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Home :: Archive :: 1996 :: March ::
Re: Older Female Characters and Early Modern Acting
Shakespeare Electronic Conference, Vol. 7, No. 0208.  Friday, 15 March 1996.

(1)     From:   Helen Ostovich <
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        Date:   Thursday, 14 Mar 1996 11:51:11 -0500 (EST)
        Subj:   Re: 7.0204 Re: Older Female Characters and Early Modern Acting

(2)     From:   James Schaefer <
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        Date:   Thursday, 14 Mar 1996 13:25:46 -0500 (EST)
        Subj:   [Older Female Roles]

(3)     From:   Katherine Rowe <
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        Date:   Thursday, 14 Mar 1996 15:22:40 -0500
        Subj:   Re: Older Female Characters and Early Modern Acting

(4)     From:   David Carnegie <
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        Date:   Friday, 15 Mar 1996 10:39:10 +1200
        Subj:   Re: Older Female Characters and Early Modern Acting

(5)     From:   Martin Green <
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        Date:   Thursday, 14 Mar 1996 21:53:53 GMT
        Subj:   Re: Older Female Characters and Early Modern Acting

(6)     From:   David M Richman <
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        Date:   Friday, 15 Mar 1996 09:35:51 -0500 (EST)
        Subj:   Re: Older Female Characters and Early Modern Acting


(1)----------------------------------------------------------------------------
From:           Helen Ostovich <
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Date:           Thursday, 14 Mar 1996 11:51:11 -0500 (EST)
Subject:        Re: 7.0204 Re: Older Female Characters and Early Modern Acting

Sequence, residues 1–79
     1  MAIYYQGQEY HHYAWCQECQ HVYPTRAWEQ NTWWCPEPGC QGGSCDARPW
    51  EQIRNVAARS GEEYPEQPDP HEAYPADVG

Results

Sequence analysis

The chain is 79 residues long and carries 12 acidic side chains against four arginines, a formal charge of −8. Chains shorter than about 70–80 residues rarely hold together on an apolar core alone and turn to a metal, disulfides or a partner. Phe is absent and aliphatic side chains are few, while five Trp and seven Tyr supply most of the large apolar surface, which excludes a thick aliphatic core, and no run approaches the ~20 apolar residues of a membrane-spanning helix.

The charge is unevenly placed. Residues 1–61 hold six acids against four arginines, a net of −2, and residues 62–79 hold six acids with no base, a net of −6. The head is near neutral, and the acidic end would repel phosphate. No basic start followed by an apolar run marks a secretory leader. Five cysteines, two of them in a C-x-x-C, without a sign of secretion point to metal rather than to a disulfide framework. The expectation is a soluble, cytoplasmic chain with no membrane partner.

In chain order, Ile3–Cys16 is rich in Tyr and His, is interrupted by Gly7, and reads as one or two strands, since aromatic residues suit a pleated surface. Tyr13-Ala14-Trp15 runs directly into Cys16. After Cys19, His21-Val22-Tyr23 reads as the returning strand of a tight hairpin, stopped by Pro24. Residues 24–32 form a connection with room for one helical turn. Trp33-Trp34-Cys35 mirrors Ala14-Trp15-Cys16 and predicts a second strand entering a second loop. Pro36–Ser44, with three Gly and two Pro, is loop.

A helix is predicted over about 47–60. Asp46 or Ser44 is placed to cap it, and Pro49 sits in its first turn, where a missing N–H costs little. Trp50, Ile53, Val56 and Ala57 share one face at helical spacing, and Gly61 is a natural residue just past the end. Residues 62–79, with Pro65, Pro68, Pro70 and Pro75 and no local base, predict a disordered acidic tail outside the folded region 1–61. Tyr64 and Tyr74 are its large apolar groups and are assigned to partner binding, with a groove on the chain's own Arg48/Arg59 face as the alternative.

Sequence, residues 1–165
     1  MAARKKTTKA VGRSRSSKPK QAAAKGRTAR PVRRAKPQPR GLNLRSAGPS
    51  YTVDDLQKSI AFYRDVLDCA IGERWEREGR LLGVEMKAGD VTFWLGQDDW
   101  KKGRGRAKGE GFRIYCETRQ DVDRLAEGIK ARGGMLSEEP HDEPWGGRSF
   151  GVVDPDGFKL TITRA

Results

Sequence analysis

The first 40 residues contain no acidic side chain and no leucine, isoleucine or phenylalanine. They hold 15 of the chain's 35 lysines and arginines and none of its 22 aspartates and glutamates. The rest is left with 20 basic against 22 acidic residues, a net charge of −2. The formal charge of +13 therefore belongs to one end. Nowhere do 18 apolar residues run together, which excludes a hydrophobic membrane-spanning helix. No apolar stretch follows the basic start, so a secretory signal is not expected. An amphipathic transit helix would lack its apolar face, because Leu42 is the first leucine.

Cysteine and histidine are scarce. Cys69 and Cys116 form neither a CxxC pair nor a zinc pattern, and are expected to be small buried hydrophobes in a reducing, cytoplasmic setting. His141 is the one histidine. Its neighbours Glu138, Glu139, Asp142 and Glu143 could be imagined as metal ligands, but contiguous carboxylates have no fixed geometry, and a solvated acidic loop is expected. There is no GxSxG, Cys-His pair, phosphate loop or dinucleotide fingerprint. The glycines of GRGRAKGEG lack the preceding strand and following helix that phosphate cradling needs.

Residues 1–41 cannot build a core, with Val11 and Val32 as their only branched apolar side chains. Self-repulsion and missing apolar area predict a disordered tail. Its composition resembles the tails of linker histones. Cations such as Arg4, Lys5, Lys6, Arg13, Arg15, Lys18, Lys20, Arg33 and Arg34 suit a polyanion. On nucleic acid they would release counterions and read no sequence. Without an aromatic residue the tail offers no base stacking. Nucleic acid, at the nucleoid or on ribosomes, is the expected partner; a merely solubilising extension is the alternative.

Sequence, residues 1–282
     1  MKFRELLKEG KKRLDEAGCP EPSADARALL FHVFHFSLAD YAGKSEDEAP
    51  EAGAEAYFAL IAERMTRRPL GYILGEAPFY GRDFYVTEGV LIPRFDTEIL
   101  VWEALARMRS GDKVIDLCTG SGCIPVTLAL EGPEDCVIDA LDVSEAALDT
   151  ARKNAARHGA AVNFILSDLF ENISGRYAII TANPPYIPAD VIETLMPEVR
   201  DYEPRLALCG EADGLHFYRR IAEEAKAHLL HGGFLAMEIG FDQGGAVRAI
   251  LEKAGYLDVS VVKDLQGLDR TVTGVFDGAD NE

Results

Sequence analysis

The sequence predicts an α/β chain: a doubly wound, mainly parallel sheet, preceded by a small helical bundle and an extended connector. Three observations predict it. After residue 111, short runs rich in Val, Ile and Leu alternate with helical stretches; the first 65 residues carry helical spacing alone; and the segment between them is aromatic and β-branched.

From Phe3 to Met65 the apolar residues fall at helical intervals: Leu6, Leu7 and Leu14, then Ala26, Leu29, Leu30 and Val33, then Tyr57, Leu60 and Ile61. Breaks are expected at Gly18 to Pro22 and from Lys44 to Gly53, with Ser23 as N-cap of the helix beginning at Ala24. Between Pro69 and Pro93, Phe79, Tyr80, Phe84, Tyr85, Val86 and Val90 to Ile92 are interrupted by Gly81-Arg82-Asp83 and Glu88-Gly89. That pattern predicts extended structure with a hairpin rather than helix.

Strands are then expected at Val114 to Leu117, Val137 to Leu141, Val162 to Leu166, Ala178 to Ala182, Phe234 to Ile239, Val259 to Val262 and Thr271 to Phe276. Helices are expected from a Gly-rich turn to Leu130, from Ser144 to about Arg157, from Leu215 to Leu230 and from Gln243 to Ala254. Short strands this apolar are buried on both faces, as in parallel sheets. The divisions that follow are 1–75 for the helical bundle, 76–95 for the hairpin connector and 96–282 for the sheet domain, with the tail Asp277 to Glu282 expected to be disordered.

It might be interesting to discover, if possible, how old Dick Robinson was in
1616.  He is the actor requested by name in _The Devil is an Ass_ to play the
part of the Spanish Lady.  In the play, Dick is not available, and the part
goes to Wittipol instead.  But the character Wittipol was played by Dick
Robinson.  So does anyone know how old Dick was?

Helen Ostovich
Department of English / Editor, _REED Newsletter_
McMaster University, Hamilton, Ontario, Canada  L8S 4L9

(2)----------------------------------------------------------------------------
From:           James Schaefer <
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Date:           Thursday, 14 Mar 1996 13:25:46 -0500 (EST)
Subject:        [Older Female Roles]

Bradley Berens' query about who played older female roles is interesting.
Quentin Crisp's protrayal of Queen Elizabeth in the film of Orlando was
completely convincing to me (and the performance was additionally complicated
by the female actor who played -- let's see, at that point (1584, when the
Thames froze over) Orlando was still male.

I suppose there is a discussion that could be started about the androgyny of,
if not old age itself, then of old people as depicted (sometimes) by
playwrights.  Odd that for the last 20-odd years most of the discussion I've
heard about androgyny has been about the _young_ (and the young-to-middle-aged
-- David Bowie, et al).

Jim Schaefer

(3)----------------------------------------------------------------------------
From:           Katherine Rowe <
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Date:           Thursday, 14 Mar 1996 15:22:40 -0500
Subject:        Re: Older Female Characters and Early Modern Acting

The "mysterious woodcut" sounds very like the title pages of the 1620 pamphlet